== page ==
5. Does the taxpayer or his/her advisors have the knowledge needed to carry on the activity as a successful business?
  6. Has the taxpayer made a profit in similar activities in the past?
  7. Does the activity make a profit in some years?
  8. Can the taxpayer expect to make a profit in the future from the appreciation of assets used in the activity?

Does an artist need to make money to call their work a business? Can it be all expenses, as long as there is intent to earn? Like a filmmaker who funds a film and enters festivals, but makes no income on the venture?

A business is generally considered to be for profit if it makes a profit in 3 of the last 5 years.

If it is not a for profit business it is considered a hobby and you can only deduct expenses up to the amount of income you earn. There are more specific rules and actually a lot of leniency for writers.

Here is a great article I found about taxes and the writer that explains everything in more detail —

Linda Lewis’ article ‘Authors and the Internal Revenue Code’

For freelance artists, there can be a lot of expenses without much of an income. For writing and film, there can be a large cost in festivals and travel, and artists buying booth space at conventions and crafts fairs. What’s the advantage of reporting this income?

I’m sure it would be easy to not report it, but outside of the law requiring that you do, are there any benefits? 

Most people think if you get cash and it’s not traceable, why report it? The real answer is that if the IRS finds out that you are not reporting your income technically this is fraud and you could be subject to fines and even jail time.

In the case of art on the side type jobs the explanation for not reporting the income would be that this is actually a hobby and not a job. You don’t need to report this income as long as your expenses are equal to or greater than what you made.

It makes sense to report when your income clearly exceeds your expenses. It is unlikely that the IRS will audit you but it is possible, and if you can’t prove that you had more expenses than income, you could owe money to the IRS.

If a freelance worker gets paid but at the end of the year doesn’t get a 1099 from a client, is that bad? Is it the workers responsibility to seek it out or does that fall on the client?

It is the client’s responsibility to issue a 1099. That being said, it is the worker’s responsibility to report all income that they have earned regardless of whether they have received a 1099 or not.

If you’ve commissioned artists for work this year – should you be issuing 1099s?

I guess the question would be whether you bought it for your business or bought it personally. If your company or you as a freelancer commissioned the artwork and will be claiming it as an expense, you’re technically supposed to issue a 1099. If you personally commissioned artwork to hang on your wall at home, you don’t.

As far as paper work goes, does a freelancer only need 1099s and a list of expenses before preparing a tax return?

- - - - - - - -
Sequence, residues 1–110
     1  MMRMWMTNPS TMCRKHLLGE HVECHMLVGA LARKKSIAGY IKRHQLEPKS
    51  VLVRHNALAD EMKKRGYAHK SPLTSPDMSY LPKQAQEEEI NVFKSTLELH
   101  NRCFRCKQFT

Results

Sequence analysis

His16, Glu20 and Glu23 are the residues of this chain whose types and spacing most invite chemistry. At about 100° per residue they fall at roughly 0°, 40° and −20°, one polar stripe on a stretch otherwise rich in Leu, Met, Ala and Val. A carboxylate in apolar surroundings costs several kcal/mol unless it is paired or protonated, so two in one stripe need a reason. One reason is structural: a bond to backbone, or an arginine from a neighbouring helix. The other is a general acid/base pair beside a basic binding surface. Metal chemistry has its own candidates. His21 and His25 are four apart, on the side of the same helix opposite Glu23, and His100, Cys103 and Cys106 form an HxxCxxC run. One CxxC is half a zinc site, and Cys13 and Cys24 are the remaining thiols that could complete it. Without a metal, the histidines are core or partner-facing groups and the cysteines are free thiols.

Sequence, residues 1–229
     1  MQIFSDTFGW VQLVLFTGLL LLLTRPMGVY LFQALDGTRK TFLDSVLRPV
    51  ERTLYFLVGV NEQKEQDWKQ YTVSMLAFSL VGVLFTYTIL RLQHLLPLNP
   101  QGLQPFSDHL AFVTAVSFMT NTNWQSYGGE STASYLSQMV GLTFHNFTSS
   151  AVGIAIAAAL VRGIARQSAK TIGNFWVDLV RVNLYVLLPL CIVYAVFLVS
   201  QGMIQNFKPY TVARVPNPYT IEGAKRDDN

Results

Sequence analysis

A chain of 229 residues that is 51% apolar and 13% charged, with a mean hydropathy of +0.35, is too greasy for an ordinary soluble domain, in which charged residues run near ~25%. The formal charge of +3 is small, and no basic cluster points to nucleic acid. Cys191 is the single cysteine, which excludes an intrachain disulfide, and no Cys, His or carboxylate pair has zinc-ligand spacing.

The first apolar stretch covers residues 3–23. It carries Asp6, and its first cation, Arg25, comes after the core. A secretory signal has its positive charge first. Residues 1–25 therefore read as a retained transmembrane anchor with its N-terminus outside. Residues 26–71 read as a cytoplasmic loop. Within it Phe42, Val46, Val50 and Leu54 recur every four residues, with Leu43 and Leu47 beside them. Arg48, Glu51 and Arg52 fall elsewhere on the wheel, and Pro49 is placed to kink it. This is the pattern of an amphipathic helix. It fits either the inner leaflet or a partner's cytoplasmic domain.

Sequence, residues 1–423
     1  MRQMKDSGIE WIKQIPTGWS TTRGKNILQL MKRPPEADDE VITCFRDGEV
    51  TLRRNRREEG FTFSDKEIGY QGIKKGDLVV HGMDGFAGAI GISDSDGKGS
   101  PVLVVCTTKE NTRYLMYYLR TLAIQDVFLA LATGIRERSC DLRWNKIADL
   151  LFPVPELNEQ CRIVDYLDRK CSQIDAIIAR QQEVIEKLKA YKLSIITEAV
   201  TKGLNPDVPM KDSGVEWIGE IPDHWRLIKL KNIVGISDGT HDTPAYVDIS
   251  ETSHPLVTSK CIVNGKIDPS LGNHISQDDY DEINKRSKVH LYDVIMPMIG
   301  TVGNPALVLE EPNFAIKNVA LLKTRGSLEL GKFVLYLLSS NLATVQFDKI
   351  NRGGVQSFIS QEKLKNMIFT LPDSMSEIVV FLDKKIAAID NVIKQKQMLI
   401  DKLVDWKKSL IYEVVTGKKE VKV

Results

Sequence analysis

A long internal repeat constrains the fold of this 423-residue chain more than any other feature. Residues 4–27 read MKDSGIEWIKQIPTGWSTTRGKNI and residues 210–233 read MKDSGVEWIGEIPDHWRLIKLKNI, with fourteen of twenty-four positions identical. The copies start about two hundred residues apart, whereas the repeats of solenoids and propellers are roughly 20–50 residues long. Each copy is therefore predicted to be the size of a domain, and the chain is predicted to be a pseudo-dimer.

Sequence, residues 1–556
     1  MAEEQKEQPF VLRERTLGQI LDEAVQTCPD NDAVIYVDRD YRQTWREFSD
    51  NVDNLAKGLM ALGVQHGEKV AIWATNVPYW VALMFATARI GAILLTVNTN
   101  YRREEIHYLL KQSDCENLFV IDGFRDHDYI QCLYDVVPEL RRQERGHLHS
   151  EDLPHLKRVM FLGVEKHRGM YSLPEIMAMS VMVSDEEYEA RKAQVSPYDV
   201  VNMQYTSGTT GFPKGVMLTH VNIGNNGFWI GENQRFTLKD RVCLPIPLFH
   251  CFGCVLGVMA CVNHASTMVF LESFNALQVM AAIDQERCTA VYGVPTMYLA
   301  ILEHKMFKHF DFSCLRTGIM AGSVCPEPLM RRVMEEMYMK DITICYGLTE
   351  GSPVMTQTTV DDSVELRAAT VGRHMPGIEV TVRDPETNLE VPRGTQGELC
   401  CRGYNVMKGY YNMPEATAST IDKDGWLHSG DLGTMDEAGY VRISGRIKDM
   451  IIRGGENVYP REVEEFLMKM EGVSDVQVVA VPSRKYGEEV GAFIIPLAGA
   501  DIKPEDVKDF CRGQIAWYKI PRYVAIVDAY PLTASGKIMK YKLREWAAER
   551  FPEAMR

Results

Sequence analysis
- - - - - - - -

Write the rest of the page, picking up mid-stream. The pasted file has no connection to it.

If the freelancer has received 1099s for all earnings then yes, that is all he/she needs. If not, he/she needs to keep track of all income received throughout the year as well.

How would someone keep track of their income? Is it as easy as just writing it on a piece of paper or is there a ‘correct’ why to do it? Does the IRS have strict rules on it, or do they just take your word for it?

You could just write it all down on a piece of paper if that works best for you, however I would recommend using QuickBooks or some other bookkeeping software to keep track of your income and expenses if you have more than a few transactions. This software allows you to balance your checkbook and also print out forms that show your profit or loss.

If you have very little activity throughout the year you could also easily keep track on an Excel spreadsheet. You should keep all of your records including invoices and receipts.

The IRS will generally take your word for it but if you get audited, they are going to want to see supporting documents for all of your income and expenses.

I’ve heard that photography is a difficult hobby to claim as a business. There’s potential for profit, and there is work out there for photographers. Why would it be hard to report it as a business?

Photography is one of the classic examples of a hobby that taxpayers try to claim as a business. While there are certainly professional photographers, there are also several people who spend a lot of money on fancy photography equipment because they like taking pictures and then try to find a way to make this fun activity a tax deduction, even though they have no intention of ever making a profit.

At the same time if you are legitimately working as a photographer go ahead and deduct those cameras.

Let’s say a graphic designer has a regular W-2 paying job, but works freelance on the side, making roughly and extra $3,000 a year. Does this income just get reported on the regular individual tax return?

If the freelancer does not incorporate or start a partnership, he/she would report the income on his/her individual income tax return.

What’s the difference between reporting your contract income on your individual tax return’s Schedule C as opposed to having the business be a LLC or corporation? When should a self-employed artist (or anyone for that matter) become an LLC or corporation?

It really depends on each individual case. If you are earning royalties, technically you would be reporting them on the Schedule E rather than the Schedule C.

If you are making enough money to consider incorporating you should speak with a CPA and possibly a business attorney, preferably with some kind of entertainment background, to determine what would work best for your individual situation.



Of course that does not cover every issue the self-employed will face, but for the creative-type who is preparing to venture off into the world of freelance, it’s a good place to start.

Any tax related questions can be sent to Megan at — or visit her site Thompson Accounting Dot Net for more information.


This does not constitute legal advice. This should just be taken as a guide. Talk to a tax professional before making any decisions.